Has a court ever told you to stop taking addiction medication while on probation? 

For drug court?  To get custody of your children? 

Has an employer denied you a job because of your addiction medication?


These common practices can be illegal discrimination.  Treatment of opioid addiction with counseling plus medications, such as methadone, buprenorphine-naloxone (Suboxone), and injectable naltrexone (Vivitrol), is known as Medication Assisted Treatment (MAT).  MAT is highly effective.  It decreases illicit drug use, overdose, infectious disease transmission, and crime.

Yet criminal justice and child welfare agencies often force people off their MAT medication.  Receipt of MAT also can result in the loss of a job or arrest for driving under the influence.

Here is how the Legal Action Center can help:

Criminal Justice and Child Welfare Systems:

The Legal Action Center is planning to bring a legal challenge to overturn policies that deny access to MAT in courts, probation, parole, or the child welfare system in at least one of the following states: Arizona, California, Connecticut, Delaware, Idaho, Illinois, Indiana, Kentucky, Maine, Massachusetts, Michigan, Montana, Nevada, New Hampshire, New Jersey, New York, Ohio, Oregon, Pennsylvania, Rhode Island, Tennessee, Vermont, Washington, or Wisconsin.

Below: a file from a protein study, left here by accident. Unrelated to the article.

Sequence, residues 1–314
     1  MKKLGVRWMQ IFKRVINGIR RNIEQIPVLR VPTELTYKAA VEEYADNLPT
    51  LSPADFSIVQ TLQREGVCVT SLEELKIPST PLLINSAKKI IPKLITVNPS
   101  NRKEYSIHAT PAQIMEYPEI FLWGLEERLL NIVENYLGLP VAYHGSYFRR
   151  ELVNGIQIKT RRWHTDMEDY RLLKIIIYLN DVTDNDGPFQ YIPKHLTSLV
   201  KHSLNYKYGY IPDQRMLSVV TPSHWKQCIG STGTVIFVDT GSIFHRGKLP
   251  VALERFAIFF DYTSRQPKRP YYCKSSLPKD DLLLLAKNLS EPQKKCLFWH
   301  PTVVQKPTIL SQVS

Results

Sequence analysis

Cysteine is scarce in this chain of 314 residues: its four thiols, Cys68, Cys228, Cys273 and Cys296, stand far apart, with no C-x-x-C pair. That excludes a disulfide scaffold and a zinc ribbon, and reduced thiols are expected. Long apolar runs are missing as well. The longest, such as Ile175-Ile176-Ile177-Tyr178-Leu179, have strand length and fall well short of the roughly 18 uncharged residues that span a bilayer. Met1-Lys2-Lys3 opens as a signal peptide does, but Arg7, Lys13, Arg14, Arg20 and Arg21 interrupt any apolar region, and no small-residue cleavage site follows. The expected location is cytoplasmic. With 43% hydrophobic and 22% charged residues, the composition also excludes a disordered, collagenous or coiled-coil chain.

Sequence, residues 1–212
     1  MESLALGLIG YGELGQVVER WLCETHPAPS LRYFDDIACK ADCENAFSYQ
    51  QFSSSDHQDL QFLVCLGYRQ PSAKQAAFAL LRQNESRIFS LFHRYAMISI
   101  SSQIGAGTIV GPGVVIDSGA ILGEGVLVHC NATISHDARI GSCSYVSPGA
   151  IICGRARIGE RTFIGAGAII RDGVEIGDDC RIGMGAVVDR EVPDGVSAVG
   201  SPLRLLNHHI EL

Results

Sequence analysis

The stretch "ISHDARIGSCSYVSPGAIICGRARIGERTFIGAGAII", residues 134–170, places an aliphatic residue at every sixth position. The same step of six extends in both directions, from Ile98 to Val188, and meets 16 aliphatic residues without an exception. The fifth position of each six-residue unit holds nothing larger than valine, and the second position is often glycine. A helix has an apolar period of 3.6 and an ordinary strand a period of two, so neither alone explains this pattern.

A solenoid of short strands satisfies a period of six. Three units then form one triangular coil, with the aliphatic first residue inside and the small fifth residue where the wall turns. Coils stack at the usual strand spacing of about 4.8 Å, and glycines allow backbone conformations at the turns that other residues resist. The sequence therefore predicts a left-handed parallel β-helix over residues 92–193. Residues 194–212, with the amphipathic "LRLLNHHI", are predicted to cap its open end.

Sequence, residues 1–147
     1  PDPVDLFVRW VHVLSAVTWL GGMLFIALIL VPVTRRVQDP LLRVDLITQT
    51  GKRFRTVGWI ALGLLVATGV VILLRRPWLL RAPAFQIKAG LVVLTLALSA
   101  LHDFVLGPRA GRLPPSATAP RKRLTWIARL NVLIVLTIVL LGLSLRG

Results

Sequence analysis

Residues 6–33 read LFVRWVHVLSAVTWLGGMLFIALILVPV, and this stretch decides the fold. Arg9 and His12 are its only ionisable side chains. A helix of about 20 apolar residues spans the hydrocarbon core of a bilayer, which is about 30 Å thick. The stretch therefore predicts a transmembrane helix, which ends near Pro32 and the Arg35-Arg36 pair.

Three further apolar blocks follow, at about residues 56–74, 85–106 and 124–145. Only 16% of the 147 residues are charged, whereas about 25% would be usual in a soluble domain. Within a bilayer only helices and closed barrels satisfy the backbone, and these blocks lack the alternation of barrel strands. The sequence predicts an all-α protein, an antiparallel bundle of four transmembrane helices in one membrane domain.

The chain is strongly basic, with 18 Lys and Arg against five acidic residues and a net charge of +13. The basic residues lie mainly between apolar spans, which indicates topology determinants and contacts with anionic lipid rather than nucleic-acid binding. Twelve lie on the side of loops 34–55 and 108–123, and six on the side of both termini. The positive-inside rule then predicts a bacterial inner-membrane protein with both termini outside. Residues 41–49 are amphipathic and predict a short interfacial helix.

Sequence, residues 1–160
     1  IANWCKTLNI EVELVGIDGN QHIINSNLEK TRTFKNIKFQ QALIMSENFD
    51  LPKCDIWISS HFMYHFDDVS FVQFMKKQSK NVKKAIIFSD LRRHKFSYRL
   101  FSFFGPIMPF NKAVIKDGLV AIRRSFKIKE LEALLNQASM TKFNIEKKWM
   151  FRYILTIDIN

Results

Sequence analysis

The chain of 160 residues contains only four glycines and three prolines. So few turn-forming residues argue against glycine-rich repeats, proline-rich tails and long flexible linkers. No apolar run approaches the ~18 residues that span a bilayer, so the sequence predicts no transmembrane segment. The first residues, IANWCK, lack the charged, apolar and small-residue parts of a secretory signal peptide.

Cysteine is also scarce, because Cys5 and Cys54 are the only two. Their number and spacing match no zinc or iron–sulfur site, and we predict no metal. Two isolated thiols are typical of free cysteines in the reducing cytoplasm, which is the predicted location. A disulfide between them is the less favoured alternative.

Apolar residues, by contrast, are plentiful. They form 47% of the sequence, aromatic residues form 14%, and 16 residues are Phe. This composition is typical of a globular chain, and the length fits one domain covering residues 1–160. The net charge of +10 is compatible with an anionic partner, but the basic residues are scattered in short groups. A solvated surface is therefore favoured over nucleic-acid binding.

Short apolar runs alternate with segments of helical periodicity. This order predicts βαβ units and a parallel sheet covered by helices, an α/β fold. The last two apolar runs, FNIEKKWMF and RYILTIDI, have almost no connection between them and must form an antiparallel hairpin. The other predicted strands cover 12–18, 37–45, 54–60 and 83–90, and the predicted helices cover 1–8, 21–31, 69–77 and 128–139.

Due to limited resources, LAC will not be able to represent most people who complete the form.  However, LAC will try to give helpful information, when possible.  If you do not hear back from LAC, it may be due to limited resources and not because your case is not strong or you cannot advocate successfully. 

If you do not live in one of the states listed above, you may still fill out the form. LAC will use the information to inform its education and advocacy work. You also can have your lawyer call LAC and speak with an attorney who may be able to provide some back-up assistance. 

For information that can help you advocate for access to addiction medication in the criminal justice or child welfare systems, as well as LAC’s policy recommendations on the topic, please visit Resources. Make sure to read Advocating for Your Recovery: What to Do When Ordered off Medication. 

Employment discrimination: 

Read Legal Action Center’s FAQs about substance use.  Also read Advocating for Your Recovery: What to Do When Ordered off Medication, available in Resources. 

If you live in New York, you might be eligible for LAC’s free legal services. To speak with LAC’s legal staff, please call (212) 243-1313, Monday through Friday during regular business hours. 

Driving Under the Influence:

Is it legal to drive if you are in a methadone program or take other medication to treat opioid addiction?  Read Driving on Methadone or Suboxone: DUI?


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